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8 questions about The OA that may never be answered

From the identity of a mysterious animal to its massively meta season two finale, here are the biggest mysteries of the now-cancelled Netflix sci-fi series

Published: Monday, 5th August 2019 at 2:02 pm

*Warning: contains major spoilers for The OA season 2*

For the moment at least, it’s all over: The OA has been cancelled by Netflix after 16 dimension-bending, mind-scrambling episodes chapters. Unless a Lucifer-inspired fan campaign to revive the Brit Marling and Jason Isaacs drama takes off, we’ll never see exactly where the show’s five-season arc finished.


And this is quite a problem considering the multi-verse of mysteries the second season opened up. From THAT mega-meta ending to whatever on Earth Old Night the talking octopus was, here are the biggest OA riddles that may never get solved…

Did season two finale jump The OA's characters to OUR universe?

Let’s tackle that mind-boggling ending straight off the bat. In the final moments of season two, Prairie and Dr Hunter 'Hap' Percy (Jason Isaacs) jumped across from their universe into another new reality – the third we saw in the show.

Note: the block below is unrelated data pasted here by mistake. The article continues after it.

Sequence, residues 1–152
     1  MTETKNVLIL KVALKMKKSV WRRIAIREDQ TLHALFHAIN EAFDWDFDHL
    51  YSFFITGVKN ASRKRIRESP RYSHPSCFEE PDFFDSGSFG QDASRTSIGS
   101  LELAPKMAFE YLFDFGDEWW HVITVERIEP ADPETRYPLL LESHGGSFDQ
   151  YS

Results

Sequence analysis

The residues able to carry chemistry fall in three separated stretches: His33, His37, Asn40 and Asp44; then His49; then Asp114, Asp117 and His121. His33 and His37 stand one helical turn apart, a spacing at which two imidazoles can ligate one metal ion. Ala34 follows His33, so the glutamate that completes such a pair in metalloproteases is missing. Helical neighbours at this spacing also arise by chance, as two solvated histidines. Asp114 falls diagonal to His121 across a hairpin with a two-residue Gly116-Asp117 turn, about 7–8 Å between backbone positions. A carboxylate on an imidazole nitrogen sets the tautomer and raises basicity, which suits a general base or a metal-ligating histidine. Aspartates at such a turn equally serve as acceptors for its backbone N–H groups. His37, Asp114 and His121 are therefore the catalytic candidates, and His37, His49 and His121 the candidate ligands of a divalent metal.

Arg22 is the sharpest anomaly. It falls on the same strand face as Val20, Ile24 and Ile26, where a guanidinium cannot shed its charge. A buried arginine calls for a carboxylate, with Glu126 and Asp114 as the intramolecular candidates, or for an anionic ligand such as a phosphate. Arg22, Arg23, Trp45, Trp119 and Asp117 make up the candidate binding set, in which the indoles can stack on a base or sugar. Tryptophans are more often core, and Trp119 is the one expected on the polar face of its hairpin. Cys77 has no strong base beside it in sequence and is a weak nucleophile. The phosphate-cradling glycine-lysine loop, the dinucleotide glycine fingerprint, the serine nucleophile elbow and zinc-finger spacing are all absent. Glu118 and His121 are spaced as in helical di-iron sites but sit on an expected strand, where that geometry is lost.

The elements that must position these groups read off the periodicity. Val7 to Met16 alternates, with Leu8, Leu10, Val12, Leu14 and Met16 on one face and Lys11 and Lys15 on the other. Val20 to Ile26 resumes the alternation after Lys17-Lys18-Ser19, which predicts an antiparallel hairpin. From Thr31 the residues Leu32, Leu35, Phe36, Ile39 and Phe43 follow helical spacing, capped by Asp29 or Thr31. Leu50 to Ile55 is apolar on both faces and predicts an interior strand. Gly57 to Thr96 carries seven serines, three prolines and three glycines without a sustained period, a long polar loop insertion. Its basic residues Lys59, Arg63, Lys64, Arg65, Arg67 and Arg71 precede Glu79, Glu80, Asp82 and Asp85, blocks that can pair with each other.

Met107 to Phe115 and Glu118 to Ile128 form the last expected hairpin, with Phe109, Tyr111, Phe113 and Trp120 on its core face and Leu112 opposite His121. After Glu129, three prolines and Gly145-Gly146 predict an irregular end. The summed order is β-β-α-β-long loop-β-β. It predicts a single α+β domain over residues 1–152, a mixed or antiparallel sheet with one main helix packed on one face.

Rather than finding themselves in a mental asylum, as in universe #2, the two characters emerged on a TV set… apparently the one where The OA is being filmed.

So far, so weird. But then we learned that Isaacs’ character was actually called Jason Isaacs in this universe – and spoke with his natural British accent. Marling, too, was referred to as “Brit” (her actual name, not anything to do with her accent).

Unsurprisingly, this meta-twist left a lot of questions. Did it mean we would have seen most of the cast playing themselves in Part III? Could co-creator Zal Batmanglij have appeared as himself in the show? If universe #3 is our dimension, then were you part of the story in some way?